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This article in SSSAJ

  1. Vol. 56 No. 6, p. 1799-1806
     
    Received: Oct 9, 1991
    Published: Nov, 1992


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doi:10.2136/sssaj1992.03615995005600060025x

Light-Fraction Organic Matter in Soils from Long-Term Crop Rotations

  1. H. H. Janzen ,
  2. C. A. Campbell,
  3. S. A. Brandt,
  4. G. P. Lafond and
  5. L. Townley-Smith
  1. Agriculture Canada Research Station, Lethbridge, Alberta T1J 4B1
    Agriculture Canada Research Station, Swift Current, Saskatchewan S9H 3X2
    Agriculture Canada Experimental Farm, Scott, Saskatchewan S0K 4A0
    Indian Head Experimental Farm, Indian Head, Saskatchewan S0G 2K0
    Agriculture Canada Research Station, Melfort, Saskatchewan S0E 1A0

Abstract

Abstract

Light-fraction (LF) material, comprised largely of incompletely decomposed organic residues, may provide a sensitive indicator of the effects of cropping practices on soil organic matter. The objective of our study was to determine the influence of agronomic variables on soil LF content, and to evaluate the LF as a measure of labile organic matter. Soils from three long-term crop rotation studies in Saskatchewan, Canada, were analyzed for LF content and composition. The experiments, established at Indian Head (Udic Boroll), Melfort (Udic Boroll), and Scott (Typic Boroll), included wheat (Triticum aestivum L.) based rotations varying in fertilizer application, frequency of summer fallow, and cropping sequence. The LF of the surface soil (0–7.5 cm) accounted for 2.0 to 5.4%, 3.3 to 7.1%, and 7.1 to 17.5% of the organic C at Indian Head, Melfort, and Scott, respectively. Within each site, the LF content was generally highest in treatments with continuous cropping or perennial forages and lowest in those with a high frequency of summer fallow. Fertilizer application generally favored LF accumulation. Differences in LF content among sites and treatments were attributed to variable residue inputs and rates of substrate decomposition. The respiration rate and microbial N content of soils was strongly correlated with the LF content, suggesting that the LF is a useful indicator of labile organic matter. Nitrogen mineralization was also correlated with LF content, though the relationship was less consistent, presumably because the high C/N ratio of the LF induced temporary N immobilization. The LF content is a sensitive indicator of the effects of cropping on soil organic matter content and composition but, because of its transient nature, probably reflects primarily short-term effects.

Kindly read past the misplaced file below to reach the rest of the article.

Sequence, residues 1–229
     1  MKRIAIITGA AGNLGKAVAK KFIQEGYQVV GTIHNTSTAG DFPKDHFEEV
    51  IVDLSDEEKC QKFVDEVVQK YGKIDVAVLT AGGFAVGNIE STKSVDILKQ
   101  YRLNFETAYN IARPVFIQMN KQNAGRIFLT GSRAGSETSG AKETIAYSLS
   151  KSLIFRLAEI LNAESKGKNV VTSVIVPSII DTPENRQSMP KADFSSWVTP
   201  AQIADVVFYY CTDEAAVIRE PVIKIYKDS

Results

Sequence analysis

LRS Contribution no. 3879163.

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